2,000-5,000 words. The Reading Room strives to include one research article or case study per issue by a student scholar. Student authors are required to submit a proposal of no more than 200 words to the journal editors prior to article submission. Authors should be undergraduate or graduate students with significant experience in special collections, museums, or similar cultural repositories (either as a staff member or researcher), at the time of article submission. Submit only original articles that have not appeared elsewhere, and which are not currently submitted elsewhere. Please identify the submission as student scholarship in the proposal.
Individual items will be published as soon as they have completed the peer review and editing process. These items will be collated into one issue per year (one volume per year). Additional issues may be created as needed.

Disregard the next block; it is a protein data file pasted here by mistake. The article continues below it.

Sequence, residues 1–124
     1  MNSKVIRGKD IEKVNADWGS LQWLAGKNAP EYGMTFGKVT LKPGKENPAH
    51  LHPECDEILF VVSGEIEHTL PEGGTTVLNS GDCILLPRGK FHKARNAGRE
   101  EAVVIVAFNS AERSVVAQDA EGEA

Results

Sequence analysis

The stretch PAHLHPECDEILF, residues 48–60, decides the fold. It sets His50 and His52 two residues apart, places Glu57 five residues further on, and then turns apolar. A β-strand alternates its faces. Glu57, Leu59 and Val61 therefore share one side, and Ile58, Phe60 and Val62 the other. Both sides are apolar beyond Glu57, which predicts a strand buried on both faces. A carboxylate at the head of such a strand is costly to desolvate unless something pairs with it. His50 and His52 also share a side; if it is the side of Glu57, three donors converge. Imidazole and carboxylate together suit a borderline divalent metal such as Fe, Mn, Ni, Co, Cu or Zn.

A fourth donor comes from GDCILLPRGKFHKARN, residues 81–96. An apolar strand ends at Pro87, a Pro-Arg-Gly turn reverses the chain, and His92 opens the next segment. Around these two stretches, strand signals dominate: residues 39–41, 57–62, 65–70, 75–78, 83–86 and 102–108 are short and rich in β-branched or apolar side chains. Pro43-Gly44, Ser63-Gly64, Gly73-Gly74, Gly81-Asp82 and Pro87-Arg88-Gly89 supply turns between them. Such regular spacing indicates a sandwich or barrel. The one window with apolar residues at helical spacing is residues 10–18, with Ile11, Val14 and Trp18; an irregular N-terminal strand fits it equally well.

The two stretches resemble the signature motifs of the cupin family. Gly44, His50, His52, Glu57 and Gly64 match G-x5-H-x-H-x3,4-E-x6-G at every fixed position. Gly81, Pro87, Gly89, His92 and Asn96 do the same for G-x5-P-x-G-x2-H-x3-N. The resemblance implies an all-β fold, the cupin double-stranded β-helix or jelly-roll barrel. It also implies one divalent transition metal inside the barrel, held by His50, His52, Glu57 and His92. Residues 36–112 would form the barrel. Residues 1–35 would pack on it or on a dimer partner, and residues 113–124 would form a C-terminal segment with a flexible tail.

The peer reviewer has two basic roles: to determine if the article is suitable for publication in The Reading Room, and to help the authors to improve their manuscript in order to make it “publication ready”. The reviewer will examine the paper in terms of its overall value, and its contribution to special collections literature. The quality of the content or research and the way it is presented is also taken into account, as is the effectiveness of the final product.
Peer reviewers will be asked to evaluate the article on a scale of 1-5. These questions related to the quality of the content, and if the manuscript is appropriate for the journal.
The peer review comments should be readable and as succinct as possible while guiding the authors toward an effective revision. The reviewer should keep in mind that s/he is providing information to guide both the author and the journal editors.